Welcome to our book, _The Dayton Experiment_. This book explores our journey over the last six years of introducing agile culture to the realm of education. This book will be added to over time by others so to broaden the perspectives and the insights from this experience.
The book is in two forms, as a printed book, a wiki-based Hyperbook. To write it, we starting with the wiki but crafting it with the other platform in mind.
In the printed book, there are three primary sections, The Story, one that holds the main story arc of the book followed by The Garden, which contains pages that more deeply explore concepts that were introduced in the story for those who are curious and want to dig deeper. The third section is called The Path, outlining a pattern language that can help in the transformation process.
In this wiki, the reading journey is simple. At the bottom of each page you will find a graph. The yellow node represents your current page and the blue node indicates the next page of the story. Simply click on the blue node and the next page will appear to the right. As you read, the pages will continue to added to the right.
But if you are interested in any of the ideas that are linked off of this page, you can click on the node that contains that concept. From there, you can wander off of the main path and into The Garden to follow your curiosity. Your own rabbit hole of discovery. And from there you can begin to explore potential next steps in your own Path of Transformation.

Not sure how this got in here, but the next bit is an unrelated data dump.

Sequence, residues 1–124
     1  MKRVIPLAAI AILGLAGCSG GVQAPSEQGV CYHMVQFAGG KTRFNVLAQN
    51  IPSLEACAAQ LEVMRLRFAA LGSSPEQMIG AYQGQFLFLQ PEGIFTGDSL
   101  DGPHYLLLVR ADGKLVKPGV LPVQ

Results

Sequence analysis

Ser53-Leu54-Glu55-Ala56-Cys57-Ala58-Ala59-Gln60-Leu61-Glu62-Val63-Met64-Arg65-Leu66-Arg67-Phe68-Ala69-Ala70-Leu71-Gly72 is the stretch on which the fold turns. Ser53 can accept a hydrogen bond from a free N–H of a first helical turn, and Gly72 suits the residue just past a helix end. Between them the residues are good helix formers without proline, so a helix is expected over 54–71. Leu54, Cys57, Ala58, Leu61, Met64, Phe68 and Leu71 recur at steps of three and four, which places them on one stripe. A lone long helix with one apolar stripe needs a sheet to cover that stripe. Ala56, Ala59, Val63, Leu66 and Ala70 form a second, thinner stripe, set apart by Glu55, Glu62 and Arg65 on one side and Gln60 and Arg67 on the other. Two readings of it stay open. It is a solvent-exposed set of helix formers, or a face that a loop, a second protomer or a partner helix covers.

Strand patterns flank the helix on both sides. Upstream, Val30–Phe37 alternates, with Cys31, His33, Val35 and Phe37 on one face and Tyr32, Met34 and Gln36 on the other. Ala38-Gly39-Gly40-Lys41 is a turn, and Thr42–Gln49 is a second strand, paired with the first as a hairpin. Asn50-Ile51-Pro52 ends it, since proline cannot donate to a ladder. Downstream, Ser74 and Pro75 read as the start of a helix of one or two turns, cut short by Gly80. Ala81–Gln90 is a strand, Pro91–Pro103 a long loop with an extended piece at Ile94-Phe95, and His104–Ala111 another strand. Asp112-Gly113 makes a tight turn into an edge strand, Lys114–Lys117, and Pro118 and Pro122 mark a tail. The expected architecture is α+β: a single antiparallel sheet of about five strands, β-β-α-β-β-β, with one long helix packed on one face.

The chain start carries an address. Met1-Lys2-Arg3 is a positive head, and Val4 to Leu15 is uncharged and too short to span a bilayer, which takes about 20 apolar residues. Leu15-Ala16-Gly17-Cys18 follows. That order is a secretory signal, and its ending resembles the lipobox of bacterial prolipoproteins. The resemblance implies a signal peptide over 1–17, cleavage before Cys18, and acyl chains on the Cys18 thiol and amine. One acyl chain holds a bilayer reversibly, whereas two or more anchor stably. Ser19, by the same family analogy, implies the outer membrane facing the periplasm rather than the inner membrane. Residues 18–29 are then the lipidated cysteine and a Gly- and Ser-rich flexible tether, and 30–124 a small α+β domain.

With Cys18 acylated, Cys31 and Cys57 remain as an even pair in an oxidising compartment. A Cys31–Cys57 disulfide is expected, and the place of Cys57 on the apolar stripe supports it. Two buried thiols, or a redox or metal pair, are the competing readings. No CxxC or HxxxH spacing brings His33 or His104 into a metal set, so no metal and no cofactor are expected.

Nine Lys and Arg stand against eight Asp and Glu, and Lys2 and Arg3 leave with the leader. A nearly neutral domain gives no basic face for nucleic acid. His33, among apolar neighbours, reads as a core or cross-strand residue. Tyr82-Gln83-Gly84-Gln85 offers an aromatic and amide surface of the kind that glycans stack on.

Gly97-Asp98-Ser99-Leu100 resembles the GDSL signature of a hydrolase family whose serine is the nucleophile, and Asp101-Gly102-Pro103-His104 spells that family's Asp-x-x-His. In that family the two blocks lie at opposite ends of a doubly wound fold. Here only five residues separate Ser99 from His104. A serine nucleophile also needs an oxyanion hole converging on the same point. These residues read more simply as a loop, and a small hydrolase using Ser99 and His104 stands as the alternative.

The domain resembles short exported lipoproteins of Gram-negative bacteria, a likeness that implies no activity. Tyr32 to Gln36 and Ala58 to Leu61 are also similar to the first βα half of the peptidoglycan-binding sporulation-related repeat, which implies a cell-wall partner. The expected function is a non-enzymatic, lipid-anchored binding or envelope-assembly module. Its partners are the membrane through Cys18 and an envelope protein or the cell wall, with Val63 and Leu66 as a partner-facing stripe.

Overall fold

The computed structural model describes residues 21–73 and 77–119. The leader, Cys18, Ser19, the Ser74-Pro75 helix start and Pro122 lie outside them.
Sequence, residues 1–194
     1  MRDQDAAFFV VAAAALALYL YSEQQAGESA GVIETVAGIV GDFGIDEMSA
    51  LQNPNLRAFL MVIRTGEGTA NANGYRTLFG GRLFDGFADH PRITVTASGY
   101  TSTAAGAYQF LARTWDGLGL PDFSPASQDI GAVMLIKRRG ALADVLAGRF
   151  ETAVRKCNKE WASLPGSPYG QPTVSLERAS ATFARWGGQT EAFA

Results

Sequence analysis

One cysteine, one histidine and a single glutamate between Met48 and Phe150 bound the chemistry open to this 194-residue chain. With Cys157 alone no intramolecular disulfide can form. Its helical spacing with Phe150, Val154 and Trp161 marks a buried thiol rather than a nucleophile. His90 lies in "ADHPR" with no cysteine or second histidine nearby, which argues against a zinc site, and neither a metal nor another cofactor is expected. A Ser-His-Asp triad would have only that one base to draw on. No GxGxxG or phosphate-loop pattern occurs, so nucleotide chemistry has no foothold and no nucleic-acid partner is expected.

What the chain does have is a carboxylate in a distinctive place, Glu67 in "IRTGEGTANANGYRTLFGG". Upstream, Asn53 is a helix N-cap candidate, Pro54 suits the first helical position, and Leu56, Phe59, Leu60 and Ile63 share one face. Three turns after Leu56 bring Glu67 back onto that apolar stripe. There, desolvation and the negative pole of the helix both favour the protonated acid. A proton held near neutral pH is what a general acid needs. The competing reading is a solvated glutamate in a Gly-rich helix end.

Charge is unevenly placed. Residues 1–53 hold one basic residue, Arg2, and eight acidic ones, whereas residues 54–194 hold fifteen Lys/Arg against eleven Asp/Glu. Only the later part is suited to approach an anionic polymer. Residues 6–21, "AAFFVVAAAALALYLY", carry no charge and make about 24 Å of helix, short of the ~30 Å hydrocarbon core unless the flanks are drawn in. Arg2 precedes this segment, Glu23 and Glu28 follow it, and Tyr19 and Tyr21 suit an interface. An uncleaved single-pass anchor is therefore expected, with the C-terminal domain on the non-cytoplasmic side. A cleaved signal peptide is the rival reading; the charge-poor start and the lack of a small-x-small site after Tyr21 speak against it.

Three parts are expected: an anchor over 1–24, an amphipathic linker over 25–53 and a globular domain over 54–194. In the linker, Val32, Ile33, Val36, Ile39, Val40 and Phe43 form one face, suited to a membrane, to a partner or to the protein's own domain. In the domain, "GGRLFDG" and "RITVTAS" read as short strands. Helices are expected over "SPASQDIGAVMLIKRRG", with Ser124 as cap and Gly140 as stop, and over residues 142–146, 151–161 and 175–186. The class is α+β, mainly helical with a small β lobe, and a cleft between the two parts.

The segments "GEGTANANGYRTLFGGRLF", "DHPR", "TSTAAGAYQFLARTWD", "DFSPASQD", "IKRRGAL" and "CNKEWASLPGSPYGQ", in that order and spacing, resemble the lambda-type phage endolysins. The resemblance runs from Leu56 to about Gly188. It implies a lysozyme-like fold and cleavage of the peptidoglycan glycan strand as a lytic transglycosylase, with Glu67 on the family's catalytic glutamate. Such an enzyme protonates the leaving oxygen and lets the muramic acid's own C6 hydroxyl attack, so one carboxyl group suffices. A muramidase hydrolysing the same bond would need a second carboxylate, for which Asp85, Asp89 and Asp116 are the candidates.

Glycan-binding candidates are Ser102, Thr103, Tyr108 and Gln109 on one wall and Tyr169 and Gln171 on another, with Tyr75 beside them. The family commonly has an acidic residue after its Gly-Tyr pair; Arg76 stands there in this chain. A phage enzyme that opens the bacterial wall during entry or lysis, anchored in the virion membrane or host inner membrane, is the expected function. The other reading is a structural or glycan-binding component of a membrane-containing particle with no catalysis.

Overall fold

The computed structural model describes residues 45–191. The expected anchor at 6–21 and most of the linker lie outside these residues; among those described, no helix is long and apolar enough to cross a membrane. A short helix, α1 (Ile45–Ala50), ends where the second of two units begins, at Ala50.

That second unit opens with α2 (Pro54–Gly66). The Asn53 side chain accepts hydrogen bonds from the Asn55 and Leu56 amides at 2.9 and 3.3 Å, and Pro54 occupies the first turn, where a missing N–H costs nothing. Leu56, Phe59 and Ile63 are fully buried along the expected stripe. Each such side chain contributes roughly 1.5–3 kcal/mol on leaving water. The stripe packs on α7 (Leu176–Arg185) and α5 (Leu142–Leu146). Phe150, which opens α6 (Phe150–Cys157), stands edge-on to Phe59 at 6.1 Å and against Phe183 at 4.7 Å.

By using the back arrow on your browser you can always retrace the pages of your path to get back to the graph which shows you the next blue node link of the the main path.
At any time, you can also click the colored symbol to the left of the page title to get back to this welcome page.
DOT strict digraph rankdir=LR node [style=filled fillcolor=lightyellow penwidth=2 color=black] HERE NODE node [style=filled fillcolor=lightblue] WHERE /^Next/ LINKS HERE -> NODE node [style=filled fillcolor=white] HERE NODE WHERE /^Next/ LINKS HERE -> NODE node [style=filled fillcolor=white penwidth=1 color=gray] LINKS HERE -> NODE
_A note on the title. It is a hat tip to the groundbreaking work of Christopher Alexander. It was in his book, The Oregon Experiment, where his theories of pattern languages came to life. These theories inspired creative expression far beyond urban design and their impact on our world, while perhaps not fully recognized, have been profound._
A few words about me: Thompson Morrison